Women and HIV : Whole Body Health - by Liz Highleyman

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Table of Contents

POZ Focus is independently produced by Smart + Strong. This issue is supported by exclusive advertising from
Girls' Night Out

Whole Body Health

Yes! You Can Have A Healthy Baby

Ten Questions That Every Positive Woman Should Ask Her Doctor

Where To Go


For more information on this topic visit:

     Women and HIV I
     Women and HIV II
     Pregnancy and HIV

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Whole Body Health

by Liz Highleyman

Caring for yourself as a woman with HIV means keeping an eye on more than just the virus. Liz Highleyman asks three top HIV doctors what exactly you should be looking for

Finding a good doctor and getting emotional support belong at the top of any HIV positive person’s to-do list—male or female. But some of the health issues are a little different. “A positive woman must pay as much attention to her reproductive-tract health as she does to her viral load and CD4 count,” advises Vicki Cargill-Swiren, MD, director of minority research and clinical studies at the National Institutes of Health’s Office of AIDS Research. These are the main women-only concerns:

Women with HIV are more vulnerable than other women to the human papillomavirus, or HPV, which can cause everything from genital warts to dysplasia—abnormal cells in the cervix or anus that can develop into cancer. Pap smears (a swab of cells) are your best weapon against HPV—your doctor can assess the results. “Thanks to [Pap smears] and aggressive treatment, we have not seen increases in cervical cancer,” reports Susan Cu-Uvin, MD, of Brown University’s obstetrics and gynecology department.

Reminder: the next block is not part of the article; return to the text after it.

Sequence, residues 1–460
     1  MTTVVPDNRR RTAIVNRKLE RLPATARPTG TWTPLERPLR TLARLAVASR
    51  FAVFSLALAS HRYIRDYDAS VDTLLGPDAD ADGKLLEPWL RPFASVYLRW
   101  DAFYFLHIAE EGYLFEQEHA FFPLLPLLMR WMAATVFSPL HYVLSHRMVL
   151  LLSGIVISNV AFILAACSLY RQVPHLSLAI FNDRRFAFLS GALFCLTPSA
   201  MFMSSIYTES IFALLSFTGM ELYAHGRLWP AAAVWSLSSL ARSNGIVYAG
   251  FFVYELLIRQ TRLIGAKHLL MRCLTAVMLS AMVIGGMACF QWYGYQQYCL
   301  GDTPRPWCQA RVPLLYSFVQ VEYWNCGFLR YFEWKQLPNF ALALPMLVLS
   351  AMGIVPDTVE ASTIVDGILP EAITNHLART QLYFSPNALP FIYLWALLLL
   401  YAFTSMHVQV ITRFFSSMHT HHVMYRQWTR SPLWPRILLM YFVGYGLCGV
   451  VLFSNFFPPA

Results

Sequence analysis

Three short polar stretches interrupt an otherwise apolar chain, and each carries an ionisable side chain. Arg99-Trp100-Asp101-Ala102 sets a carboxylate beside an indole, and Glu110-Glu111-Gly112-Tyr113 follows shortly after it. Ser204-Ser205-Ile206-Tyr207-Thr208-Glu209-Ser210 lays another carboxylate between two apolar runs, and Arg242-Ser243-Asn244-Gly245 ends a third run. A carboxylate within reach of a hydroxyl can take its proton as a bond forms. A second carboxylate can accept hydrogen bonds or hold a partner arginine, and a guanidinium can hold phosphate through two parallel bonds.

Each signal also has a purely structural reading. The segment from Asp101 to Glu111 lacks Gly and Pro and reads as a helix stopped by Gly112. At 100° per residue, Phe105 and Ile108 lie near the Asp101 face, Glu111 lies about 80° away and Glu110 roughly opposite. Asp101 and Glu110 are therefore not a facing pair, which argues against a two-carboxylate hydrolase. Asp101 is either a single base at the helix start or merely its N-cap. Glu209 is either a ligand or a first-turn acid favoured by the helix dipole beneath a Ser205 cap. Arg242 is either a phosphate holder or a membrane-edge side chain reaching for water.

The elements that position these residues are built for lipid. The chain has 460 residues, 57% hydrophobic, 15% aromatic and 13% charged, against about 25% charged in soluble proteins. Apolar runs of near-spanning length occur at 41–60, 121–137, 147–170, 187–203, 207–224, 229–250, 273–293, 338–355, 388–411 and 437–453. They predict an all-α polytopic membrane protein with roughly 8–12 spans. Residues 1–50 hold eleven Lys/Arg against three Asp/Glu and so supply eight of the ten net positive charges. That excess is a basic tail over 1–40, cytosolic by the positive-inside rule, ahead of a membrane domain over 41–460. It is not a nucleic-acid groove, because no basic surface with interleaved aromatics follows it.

Meg D. Newman, MD, at the University of California at San Francisco’s Positive Health Program, recommends that women with CD4 cell counts below 200 (your doctor will test your blood for this) get Pap smears every six months. If your count is higher and everything checks out OK on your first two to three Paps after testing positive, you can generally cut visits down to once a year.

Herpes & chlamydia
While you’re down there, make sure you get checked for other STDs, too. Genital herpes outbreaks can be harder to treat in HIV positive women and can increase the chances of transmitting HIV to your sex partner or baby. And chlamydia—common in all women—can lead to big problems later on if not treated with antibiotics.

Yeast Infections
Frequent yeast infections may be an early clue that a woman has HIV. But Dr. Newman says these aren’t any more common in positive women—just harder to treat. If you’ve got that itch, don’t ignore it. Talk to your doctor.

Med Side Effects
Some studies suggest women have more—or different—side effects from certain HIV meds. Women taking nukes, for instance, seem more likely than men to develop lactic acidosis (a condition that can cause weakness and shortness of breath). And in some early studies on protease inhibitors (PIs), women were more likely to have nausea, while men experienced more diarrhea.

Another complaint: body-shape changes, like expanding breasts and bellies or shrinking cheeks and derrières—signs of lipodystrophy, or lipo, a side effect of some HIV meds. The jury is out on whether lipo happens differently in women and men and whether or not fat gain is caused as much by age as meds. But lipo’s thinning is definitely related to the meds you’re taking—and can be a big problem for women. “My ass is just gone. It’s like a deflated balloon,” says “Jill,” who has been on and off HIV treatment for 15 years. If your body seems to be changing quickly, let your doctor know. You may be able to switch to a more fat-friendly drug.

The pill can interact with some HIV meds, risking accidental pregnancy or an increased risk of pill-related side effects—or your body might not get  as much of your HIV drugs as it should. Alternative birth control methods include hormone patches and injected Depo-Provera. Dr. Newman prefers condoms above all, however, because women with HIV need to worry about getting reinfected with another strain of HIV, contracting other STDs and, of course, preventing transmission to their partner. “We always recommend a barrier method,” she says.

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